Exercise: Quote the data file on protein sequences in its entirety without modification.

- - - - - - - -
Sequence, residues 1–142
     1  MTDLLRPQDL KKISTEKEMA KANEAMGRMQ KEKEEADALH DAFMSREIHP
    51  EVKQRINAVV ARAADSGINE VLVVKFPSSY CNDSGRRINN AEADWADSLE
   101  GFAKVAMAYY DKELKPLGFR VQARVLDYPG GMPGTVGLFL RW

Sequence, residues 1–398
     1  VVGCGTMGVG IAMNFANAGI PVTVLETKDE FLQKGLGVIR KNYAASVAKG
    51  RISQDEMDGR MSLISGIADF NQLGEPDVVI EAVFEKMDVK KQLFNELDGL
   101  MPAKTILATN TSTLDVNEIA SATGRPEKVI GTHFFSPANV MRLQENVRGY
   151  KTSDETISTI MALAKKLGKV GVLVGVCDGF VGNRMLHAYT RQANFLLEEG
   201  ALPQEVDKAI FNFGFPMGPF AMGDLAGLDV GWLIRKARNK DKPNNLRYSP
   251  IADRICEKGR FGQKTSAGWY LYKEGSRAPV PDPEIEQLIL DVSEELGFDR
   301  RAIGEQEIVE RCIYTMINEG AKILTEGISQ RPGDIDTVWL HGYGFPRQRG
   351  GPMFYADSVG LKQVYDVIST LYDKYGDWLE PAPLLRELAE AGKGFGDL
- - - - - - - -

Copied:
Sequence, residues 1–142
     1  MTDLLRPQDL KKISTEKEMA KANEAMGRMQ KEKEEADALH DAFMSREIHP
    51  EVKQRINAVV ARAADSGINE VLVVKFPSSY CNDSGRRINN AEADWADSLE
   101  GFAKVAMAYY DKELKPLGFR VQARVLDYPG GMPGTVGLFL RW

Sequence, residues 1–398
     1  VVGCGTMGVG IAMNFANAGI PVTVLETKDE FLQKGLGVIR KNYAASVAKG
    51  RISQDEMDGR MSLISGIADF NQLGEPDVVI EAVFEKMDVK KQLFNELDGL
   101  MPAKTILATN TSTLDVNEIA SATGRPEKVI GTHFFSPANV MRLQENVRGY
   151  KTSDETISTI MALAKKLGKV GVLVGVCDGF VGNRMLHAYT RQANFLLEEG
   201  ALPQEVDKAI FNFGFPMGPF AMGDLAGLDV GWLIRKARNK DKPNNLRYSP
   251  IADRICEKGR FGQKTSAGWY LYKEGSRAPV PDPEIEQLIL DVSEELGFDR
   301  RAIGEQEIVE RCIYTMINEG AKILTEGISQ RPGDIDTVWL HGYGFPRQRG
   351  GPMFYADSVG LKQVYDVIST LYDKYGDWLE PAPLLRELAE AGKGFGDL